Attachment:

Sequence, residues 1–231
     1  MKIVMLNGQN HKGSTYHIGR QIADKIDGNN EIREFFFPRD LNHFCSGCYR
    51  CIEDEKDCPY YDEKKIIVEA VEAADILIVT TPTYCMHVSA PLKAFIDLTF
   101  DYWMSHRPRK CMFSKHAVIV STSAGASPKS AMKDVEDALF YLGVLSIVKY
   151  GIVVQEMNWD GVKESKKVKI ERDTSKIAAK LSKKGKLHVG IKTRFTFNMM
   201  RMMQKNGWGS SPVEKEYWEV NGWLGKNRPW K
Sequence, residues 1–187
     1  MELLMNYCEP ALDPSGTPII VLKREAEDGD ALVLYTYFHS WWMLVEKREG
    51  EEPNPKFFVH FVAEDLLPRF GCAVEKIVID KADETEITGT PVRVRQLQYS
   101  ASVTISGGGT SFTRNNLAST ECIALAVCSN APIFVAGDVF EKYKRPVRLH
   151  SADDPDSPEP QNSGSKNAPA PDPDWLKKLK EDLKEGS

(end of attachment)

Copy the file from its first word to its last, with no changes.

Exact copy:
Sequence, residues 1–231
     1  MKIVMLNGQN HKGSTYHIGR QIADKIDGNN EIREFFFPRD LNHFCSGCYR
    51  CIEDEKDCPY YDEKKIIVEA VEAADILIVT TPTYCMHVSA PLKAFIDLTF
   101  DYWMSHRPRK CMFSKHAVIV STSAGASPKS AMKDVEDALF YLGVLSIVKY
   151  GIVVQEMNWD GVKESKKVKI ERDTSKIAAK LSKKGKLHVG IKTRFTFNMM
   201  RMMQKNGWGS SPVEKEYWEV NGWLGKNRPW K
Sequence, residues 1–187
     1  MELLMNYCEP ALDPSGTPII VLKREAEDGD ALVLYTYFHS WWMLVEKREG
    51  EEPNPKFFVH FVAEDLLPRF GCAVEKIVID KADETEITGT PVRVRQLQYS
   101  ASVTISGGGT SFTRNNLAST ECIALAVCSN APIFVAGDVF EKYKRPVRLH
   151  SADDPDSPEP QNSGSKNAPA PDPDWLKKLK EDLKEGS